Montana Families Help Their College of the Church
There is a rural ELCA church – Goldstone Lutheran –
located several miles north of Rudyard in the windswept
Montana Hi-Line wheat country, where several parishioners
came to learn of and admire the work of Concordia as the
college of their ELCA church.
As the years went by, the value of their farms grew just as the reputation and reach of the college did, until the time came when it was decided that their assets could best be used to help educate future generations of young people.
Myrtle Bergstrom and her brothers, Algot and Gene, along with Harold and Evelyn Wanke, did just that.
The Bergstroms, who have since passed away, established a testamentary gift of land in their estate to support Concordia’s endowment, and the Wankes created a charitable remainder unitrust to help several beneficiaries, including Concordia.
“It’s not unusual for people who are not alumni to support the college,” says Eric Johnson ’82, vice president for Advancement. “People like the Bergstroms and Wankes are generous to Concordia because they believe in the church college mission.”
While neither the Bergstroms nor the Wankes attended Concordia, there is a strong connection. Their pastor at Goldstone Lutheran was the Rev. Wayne Pris ‘68, who is married to Georgia (Jacobson) Pris ’69, which makes him the son-in-law of the late Luther Jacobson ’34, one of the visionary co-founders of C-400. Jacobson’s message of the importance of individuals helping the college directly was brought to Goldstone one Sunday morning, where the Bergstroms and Wankes grasped its significance.
Harold Wanke, a lifetime Rudyard farmer and bank director, died in 1995. At that time, his wife, Evelyn, decided establishing a trust would serve her husband’s philanthropic desires, as well as providing her with a guaranteed annual income.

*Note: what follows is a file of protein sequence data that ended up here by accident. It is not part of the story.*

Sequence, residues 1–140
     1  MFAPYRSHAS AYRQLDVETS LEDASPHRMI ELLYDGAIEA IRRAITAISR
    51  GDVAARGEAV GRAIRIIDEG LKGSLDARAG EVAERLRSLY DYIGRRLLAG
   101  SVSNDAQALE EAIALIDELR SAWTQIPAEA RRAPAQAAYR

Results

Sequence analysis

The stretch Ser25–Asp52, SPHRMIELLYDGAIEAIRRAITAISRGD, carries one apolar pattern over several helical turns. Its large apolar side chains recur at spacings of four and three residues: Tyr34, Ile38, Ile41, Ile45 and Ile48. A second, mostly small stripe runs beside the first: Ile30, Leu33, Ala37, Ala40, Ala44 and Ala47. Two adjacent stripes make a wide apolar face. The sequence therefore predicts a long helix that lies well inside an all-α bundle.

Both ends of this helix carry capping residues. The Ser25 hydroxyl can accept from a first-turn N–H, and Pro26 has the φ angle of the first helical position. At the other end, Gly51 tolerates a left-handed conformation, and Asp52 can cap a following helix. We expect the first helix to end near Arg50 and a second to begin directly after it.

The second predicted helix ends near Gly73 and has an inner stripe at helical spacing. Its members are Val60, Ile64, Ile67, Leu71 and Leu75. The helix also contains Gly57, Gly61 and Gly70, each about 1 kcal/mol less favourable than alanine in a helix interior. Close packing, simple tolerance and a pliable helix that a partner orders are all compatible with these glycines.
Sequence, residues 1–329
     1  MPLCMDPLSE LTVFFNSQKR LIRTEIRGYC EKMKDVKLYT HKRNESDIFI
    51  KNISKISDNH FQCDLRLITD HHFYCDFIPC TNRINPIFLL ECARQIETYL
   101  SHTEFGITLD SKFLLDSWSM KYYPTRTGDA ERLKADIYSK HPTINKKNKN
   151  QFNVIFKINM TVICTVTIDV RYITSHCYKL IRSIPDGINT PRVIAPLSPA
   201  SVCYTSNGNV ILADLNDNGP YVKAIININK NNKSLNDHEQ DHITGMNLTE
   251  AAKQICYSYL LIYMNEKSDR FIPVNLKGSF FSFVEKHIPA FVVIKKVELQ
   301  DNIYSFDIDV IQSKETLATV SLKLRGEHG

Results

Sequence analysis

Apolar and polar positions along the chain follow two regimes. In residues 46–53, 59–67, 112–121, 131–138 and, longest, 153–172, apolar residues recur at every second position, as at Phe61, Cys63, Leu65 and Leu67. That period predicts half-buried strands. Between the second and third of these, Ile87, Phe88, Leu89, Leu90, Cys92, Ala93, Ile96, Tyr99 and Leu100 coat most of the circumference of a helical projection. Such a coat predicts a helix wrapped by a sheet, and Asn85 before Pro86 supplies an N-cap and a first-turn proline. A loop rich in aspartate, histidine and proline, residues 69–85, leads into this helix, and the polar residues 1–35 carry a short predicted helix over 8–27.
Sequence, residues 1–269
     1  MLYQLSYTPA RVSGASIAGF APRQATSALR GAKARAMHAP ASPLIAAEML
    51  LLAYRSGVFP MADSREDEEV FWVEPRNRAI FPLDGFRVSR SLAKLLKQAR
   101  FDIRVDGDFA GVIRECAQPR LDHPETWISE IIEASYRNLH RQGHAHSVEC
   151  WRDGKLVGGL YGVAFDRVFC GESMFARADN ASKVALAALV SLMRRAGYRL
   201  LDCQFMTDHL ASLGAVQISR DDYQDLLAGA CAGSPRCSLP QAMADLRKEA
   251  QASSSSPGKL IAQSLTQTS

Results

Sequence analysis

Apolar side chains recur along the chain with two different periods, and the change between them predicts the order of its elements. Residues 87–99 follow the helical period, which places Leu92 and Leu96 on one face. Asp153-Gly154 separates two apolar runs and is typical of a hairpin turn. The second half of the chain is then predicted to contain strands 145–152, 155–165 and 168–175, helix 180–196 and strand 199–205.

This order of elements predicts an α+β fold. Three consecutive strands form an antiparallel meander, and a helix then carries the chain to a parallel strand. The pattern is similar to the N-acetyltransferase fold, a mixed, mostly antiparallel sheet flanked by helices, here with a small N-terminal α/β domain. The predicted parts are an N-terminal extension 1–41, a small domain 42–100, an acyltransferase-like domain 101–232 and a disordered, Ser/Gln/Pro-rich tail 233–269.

Evelyn is proud that she is able to honor her beloved husband’s wishes. “I made these gifts because these are the places that Harold wanted to support,” she says.
Evelyn and Harold were sweethearts all through high school. She graduated valedictorian in 1947 and was offered scholarships to colleges – one being Concordia. But Harold couldn’t afford college and, rather than go without him, Evelyn took a local job and they were married in 1949. They operated their wheat farm as partners, Evelyn sometimes driving tractor or a grain truck, and both were faithful members of the Goldstone church.
“These gifts are examples of a long-term relationship that developed between the college and these individuals that simply grew over the years,” says Gary Haugo ’93, the Concordia gift planner for the Montana region. “To receive estate gifts like these means that Concordia was considered a member of their families and the college is grateful for such special treatment.”
For information about establishing an annual or endowed scholarship, a charitable trust or gift annuity, giving stock or mutual funds, and including Concordia in your estate plans, please contact the gift planning staff at (800) 699-9896 or e-mail Teresa Harland, director of development, at firstname.lastname@example.org. You can also visit the Concordia giving Web site at